On Sunday, May 14, 2017 at 3:05:46 AM UTC-4, Steven D'Aprano wrote:
On Sun, May 14, 2017 at 04:07:44AM +0000, Simon Ramstedt wrote:
> Hi, do you have an opinion on the following?

Hi, and welcome, and of course we have an opinion! This is Python-Ideas,
we're very opinionated :-)

> Wouldn't it be nice to define classes via a simple constructor function (as
> below) instead of a conventional class definition?


> *conventional*:
>     class MyClass(ParentClass):
>       def __init__(x):
>         self._x = x
>       def my_method(y):
>         z = self._x + y
>         return z

Looks good to me. It is nicely explicit that you're creating a class,
the superclass or superclasses are easy to see, and the attributes are

> *proposed*:
>     def MyClass(x):

That is the exact same syntax for defining a function called "MyClass",
that takes one argument, x. How is Python (and the reader!) supposed to
tell which calls to def return a class and which return a function?

>       self = ParentClass()

What if you have multiple parent classes?

    Right, the parent class would have to specifically written to allow that e.g. via:
 def ParentClass(obj=None):
    self = obj or Object()
Why is self an instance of the parent class, instead of MyClass?

That's what I've tried to cover under "(+/-) Checking types: ..."

>       def my_method(y):
>         z = x + y
>         return z

The local variable x is not defined. Wait, is that supposed to come from
the closure def MyClass(x)?

What if your class has twenty methods, each of which takes different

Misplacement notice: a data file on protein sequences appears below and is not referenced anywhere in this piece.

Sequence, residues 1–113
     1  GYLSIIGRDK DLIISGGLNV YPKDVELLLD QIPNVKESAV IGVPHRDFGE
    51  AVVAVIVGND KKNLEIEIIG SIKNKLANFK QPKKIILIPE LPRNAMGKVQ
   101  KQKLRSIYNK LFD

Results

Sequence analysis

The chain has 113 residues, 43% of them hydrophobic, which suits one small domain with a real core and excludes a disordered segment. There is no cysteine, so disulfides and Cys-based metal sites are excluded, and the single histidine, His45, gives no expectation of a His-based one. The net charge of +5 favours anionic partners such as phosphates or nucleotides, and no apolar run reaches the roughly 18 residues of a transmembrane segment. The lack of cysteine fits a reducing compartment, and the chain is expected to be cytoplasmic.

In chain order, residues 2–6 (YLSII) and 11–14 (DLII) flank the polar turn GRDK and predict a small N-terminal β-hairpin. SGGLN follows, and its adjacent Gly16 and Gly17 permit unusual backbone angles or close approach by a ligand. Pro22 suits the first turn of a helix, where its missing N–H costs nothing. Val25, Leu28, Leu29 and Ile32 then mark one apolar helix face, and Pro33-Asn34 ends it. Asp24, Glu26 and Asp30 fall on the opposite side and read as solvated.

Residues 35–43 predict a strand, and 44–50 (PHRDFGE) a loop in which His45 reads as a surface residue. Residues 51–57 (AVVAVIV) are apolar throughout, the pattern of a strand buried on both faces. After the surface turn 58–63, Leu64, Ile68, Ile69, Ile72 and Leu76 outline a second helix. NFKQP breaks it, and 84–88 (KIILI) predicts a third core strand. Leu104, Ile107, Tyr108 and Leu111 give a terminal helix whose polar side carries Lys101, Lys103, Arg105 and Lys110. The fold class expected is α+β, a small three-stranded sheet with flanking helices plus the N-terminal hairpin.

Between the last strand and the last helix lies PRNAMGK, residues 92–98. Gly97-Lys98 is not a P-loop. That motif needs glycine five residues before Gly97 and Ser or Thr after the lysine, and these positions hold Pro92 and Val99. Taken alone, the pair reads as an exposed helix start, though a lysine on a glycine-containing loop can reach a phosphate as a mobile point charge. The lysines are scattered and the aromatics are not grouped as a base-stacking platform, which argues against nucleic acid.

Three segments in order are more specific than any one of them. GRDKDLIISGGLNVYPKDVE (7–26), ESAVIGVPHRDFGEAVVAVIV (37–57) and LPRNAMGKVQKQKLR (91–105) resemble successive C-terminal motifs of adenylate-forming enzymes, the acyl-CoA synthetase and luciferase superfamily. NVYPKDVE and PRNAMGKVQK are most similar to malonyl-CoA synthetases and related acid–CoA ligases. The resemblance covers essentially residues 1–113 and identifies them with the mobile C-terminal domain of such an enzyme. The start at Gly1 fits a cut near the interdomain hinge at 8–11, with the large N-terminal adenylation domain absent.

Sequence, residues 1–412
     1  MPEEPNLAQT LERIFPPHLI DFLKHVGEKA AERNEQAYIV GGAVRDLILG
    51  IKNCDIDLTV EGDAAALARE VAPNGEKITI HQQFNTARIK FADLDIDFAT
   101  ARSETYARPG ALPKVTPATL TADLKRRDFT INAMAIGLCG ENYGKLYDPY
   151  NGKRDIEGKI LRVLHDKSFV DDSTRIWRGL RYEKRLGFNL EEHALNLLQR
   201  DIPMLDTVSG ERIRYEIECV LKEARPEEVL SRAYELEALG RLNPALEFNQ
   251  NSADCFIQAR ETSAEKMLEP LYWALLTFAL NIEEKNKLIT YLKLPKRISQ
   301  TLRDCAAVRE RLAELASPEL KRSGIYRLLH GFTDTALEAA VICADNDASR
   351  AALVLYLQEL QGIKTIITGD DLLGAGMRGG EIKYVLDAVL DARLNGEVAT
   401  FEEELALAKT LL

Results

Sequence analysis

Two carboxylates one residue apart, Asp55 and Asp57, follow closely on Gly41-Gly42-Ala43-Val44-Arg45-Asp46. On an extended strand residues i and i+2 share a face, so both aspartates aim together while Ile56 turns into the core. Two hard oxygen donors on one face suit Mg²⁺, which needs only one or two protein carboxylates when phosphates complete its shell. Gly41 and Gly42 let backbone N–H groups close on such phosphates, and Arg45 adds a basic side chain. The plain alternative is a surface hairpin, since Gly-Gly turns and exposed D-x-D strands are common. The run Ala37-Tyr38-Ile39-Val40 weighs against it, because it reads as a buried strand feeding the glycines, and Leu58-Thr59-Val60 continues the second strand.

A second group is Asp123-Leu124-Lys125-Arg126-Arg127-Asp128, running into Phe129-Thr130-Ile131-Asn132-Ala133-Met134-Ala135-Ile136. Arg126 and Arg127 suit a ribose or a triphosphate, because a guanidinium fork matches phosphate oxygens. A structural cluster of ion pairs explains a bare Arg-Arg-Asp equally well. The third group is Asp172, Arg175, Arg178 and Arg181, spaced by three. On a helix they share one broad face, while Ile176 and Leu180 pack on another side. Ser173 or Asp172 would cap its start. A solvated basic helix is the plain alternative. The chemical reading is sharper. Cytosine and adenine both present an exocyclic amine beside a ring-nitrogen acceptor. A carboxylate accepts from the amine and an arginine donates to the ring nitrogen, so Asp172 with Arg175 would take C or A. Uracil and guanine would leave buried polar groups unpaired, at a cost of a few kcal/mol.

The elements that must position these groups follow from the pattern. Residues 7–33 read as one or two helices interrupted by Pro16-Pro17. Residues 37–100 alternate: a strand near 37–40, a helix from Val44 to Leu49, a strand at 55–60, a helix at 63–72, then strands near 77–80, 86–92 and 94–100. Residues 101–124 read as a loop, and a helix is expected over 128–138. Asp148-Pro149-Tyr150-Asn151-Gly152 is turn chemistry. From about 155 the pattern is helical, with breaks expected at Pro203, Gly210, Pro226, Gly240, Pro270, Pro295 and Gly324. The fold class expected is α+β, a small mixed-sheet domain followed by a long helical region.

arguments? Do you have to write:

def MyClass(x, # used in my_method
            y, # used in another_method
            z, # used in third_method,
            a, b, c, # used in fourth_method
            ...  # blah blah blah

How does this generalise to non-toy classes, classes with more than one

def MyClass would basically as a replacement for __init__. Using __init__ instead for your example would also not be perfect:

def __init__(self, x, y, z, a, b, c):
   self._x = x
   self._y = y

The point is though, that you could still do exactly the same if you wanted to:

def MyClass(x, y, z, a, b, c):
   self = SuperClass()
   self.x = x
   self._y = y
   def my_method():
     self.x += 5
     return self.x + self._y

>       self.my_method = my_method  # that's cumbersome (see comments below)
>       return self
> Here are the pros and cons I could come up with for the proposed method:
> (+) Simpler and more explicit.

I think you mean "More complicated and less explicit".

Is this supposed to be some sort of prototype-based OOP instead of
class-based OOP? I'd be interested in investigating prototype-based
objects, but I don't think this is the way to do it.

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